Some 90% of Sierra Leoneans are supposedly a member of one of the country’s secret societies. Not that their existence is secret, nor an individual’s membership (I saw a number of men with rows of raised marks on their backs – the scarification that indicates the society and their rank within it), but the content and meaning of the ceremonies and initiation rites must not be revealed to non-initiates on pain of death. The societies are powerful, both in the sense of favouring their own for jobs (rather like the Freemasons) but also in the magic that can be learnt by those who go through many stages of initiation.
One of the few public manifestations of the magic of these societies is on major public holidays – including Easter Monday – when some of the society “devils” appear in the streets.
When I asked about this most people responded by describing the Easter parade. I guess this probably originates from the devils, but is now more like a carnival procession. Although I would have been happy to see it, that wasn’t really what I was looking for. Anyway, killing time in the morning (the parade being late in the afternoon – as it turned out, too late for me to see before I had to leave for my flight) I wandered around the streets of downtown Freetown, an area I hadn’t seen before.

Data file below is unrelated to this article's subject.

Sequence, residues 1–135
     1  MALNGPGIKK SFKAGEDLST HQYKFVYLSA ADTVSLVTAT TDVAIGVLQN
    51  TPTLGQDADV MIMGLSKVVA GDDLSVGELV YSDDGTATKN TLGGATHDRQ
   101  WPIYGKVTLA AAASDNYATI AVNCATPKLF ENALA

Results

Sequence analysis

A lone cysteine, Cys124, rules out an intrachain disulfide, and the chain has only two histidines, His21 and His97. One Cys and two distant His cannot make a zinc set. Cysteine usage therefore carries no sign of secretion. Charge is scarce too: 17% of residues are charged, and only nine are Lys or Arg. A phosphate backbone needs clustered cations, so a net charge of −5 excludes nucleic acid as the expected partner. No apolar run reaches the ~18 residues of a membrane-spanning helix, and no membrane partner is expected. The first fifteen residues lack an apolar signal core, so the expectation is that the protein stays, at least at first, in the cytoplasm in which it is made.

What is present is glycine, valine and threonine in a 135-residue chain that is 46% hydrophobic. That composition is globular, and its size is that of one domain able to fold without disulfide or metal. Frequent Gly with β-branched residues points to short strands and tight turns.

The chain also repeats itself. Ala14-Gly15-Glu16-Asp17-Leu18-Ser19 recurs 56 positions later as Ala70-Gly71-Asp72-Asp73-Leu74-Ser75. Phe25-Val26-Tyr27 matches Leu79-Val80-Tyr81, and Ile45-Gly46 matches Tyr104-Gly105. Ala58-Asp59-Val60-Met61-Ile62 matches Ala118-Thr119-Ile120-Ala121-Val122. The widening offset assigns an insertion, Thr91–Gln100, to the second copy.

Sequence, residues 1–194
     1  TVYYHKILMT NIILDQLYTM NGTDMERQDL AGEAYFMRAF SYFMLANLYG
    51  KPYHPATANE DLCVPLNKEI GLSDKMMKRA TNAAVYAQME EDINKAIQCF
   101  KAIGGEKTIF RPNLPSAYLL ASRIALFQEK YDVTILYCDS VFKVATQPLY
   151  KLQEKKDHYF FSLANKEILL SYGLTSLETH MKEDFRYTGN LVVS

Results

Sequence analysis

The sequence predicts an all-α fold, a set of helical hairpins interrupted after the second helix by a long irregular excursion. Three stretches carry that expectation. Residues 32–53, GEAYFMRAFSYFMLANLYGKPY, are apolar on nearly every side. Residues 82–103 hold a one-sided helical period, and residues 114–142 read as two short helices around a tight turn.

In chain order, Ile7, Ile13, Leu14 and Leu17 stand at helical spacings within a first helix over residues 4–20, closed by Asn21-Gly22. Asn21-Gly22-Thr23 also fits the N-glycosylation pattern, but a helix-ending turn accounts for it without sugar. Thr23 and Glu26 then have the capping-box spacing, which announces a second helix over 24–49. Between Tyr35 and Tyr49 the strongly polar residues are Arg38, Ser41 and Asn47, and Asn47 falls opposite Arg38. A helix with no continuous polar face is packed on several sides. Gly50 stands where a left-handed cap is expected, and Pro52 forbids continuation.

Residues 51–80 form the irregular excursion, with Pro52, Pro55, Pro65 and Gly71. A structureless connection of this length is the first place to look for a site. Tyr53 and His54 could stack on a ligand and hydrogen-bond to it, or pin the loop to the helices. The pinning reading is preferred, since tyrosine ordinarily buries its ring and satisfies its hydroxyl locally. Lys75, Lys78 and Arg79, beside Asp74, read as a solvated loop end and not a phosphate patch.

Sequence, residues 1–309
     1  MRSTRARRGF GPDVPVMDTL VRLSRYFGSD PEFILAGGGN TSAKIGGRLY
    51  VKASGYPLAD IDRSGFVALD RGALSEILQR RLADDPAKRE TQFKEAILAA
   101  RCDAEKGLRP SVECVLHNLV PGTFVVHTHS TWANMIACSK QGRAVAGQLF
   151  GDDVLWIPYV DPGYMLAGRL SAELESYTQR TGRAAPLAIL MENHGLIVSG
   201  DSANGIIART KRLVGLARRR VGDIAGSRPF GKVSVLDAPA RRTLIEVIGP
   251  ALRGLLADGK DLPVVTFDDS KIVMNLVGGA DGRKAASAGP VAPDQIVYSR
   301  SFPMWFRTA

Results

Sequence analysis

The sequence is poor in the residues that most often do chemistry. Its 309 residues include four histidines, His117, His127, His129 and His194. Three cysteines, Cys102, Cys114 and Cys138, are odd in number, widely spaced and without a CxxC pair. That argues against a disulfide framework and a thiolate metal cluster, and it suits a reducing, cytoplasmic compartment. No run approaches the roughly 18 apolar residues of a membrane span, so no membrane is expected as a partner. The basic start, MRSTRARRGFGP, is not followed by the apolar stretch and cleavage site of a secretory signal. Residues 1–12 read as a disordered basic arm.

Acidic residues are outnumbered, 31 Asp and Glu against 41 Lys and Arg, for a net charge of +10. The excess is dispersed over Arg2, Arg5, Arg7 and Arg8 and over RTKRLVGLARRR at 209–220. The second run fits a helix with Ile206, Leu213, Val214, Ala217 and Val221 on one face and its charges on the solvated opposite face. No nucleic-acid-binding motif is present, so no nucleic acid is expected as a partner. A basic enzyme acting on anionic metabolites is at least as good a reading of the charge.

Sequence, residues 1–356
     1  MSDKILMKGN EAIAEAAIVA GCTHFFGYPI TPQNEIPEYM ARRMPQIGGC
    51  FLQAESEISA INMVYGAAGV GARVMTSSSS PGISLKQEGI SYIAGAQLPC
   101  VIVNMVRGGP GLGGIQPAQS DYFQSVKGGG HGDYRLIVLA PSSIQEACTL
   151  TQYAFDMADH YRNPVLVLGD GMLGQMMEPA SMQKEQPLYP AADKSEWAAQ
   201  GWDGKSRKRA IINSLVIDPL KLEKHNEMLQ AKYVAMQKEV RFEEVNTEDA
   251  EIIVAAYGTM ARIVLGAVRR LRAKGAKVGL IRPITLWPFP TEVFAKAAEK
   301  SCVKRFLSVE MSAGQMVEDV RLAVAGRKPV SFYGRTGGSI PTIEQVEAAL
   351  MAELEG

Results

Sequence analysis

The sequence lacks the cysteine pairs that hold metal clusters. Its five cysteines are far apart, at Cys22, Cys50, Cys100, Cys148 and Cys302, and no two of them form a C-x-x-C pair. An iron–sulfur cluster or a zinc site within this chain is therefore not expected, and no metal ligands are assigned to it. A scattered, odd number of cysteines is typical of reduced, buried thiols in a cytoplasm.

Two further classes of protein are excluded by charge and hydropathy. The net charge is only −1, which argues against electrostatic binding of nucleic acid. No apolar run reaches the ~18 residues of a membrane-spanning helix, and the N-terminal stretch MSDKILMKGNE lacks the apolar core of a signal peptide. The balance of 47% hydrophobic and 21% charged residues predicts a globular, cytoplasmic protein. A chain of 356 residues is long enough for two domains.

Then, coming towards me along the street, I saw a small group of men. Some in jeans and T-shirts chanting, and playing clangy metal instruments, but quite clearly the three men in front of them were devils. They had bare torsos and wore long grass skirts, with a white cloth wrapped around their middles and another on their heads, and the one at the front also had a red headdress. But what was most striking was that they, and the white cloths, were smeared with what appeared to be blood. I got closer, and then could see that the flesh on the arms and chest of one was pierced with knives and porcupine quills – clearly it was real blood. & the devil at the front appeared to have a large dagger through the middle of his body, the handle sticking out at the base of his back and some eight inches of blade protruding from his stomach. This couldn’t be real – could it?
I looked into his eyes and they were bloodshot and staring into some place where I don’t think I want to go. & I was reminded of a Chinese harvest festival I saw in Malaysia many years ago, where I watched a man slice his tongue in half lengthways while in some kind of religious trance. So I know that it is possible to rise above bodily pain and trauma, and people I’ve described these devils to all assure me that what I saw was real and not a trick.
The Sierra Leoneans ascribe it to magic. I don’t believe in magic (or religion, or anything else that seems to run counter to common sense and evidence), but the belief in magic is so prevalent in sub-Saharan Africa that just occasionally I find myself wondering if perhaps this continent works in a different way from other parts of the world and there is something here beyond what we can see and touch.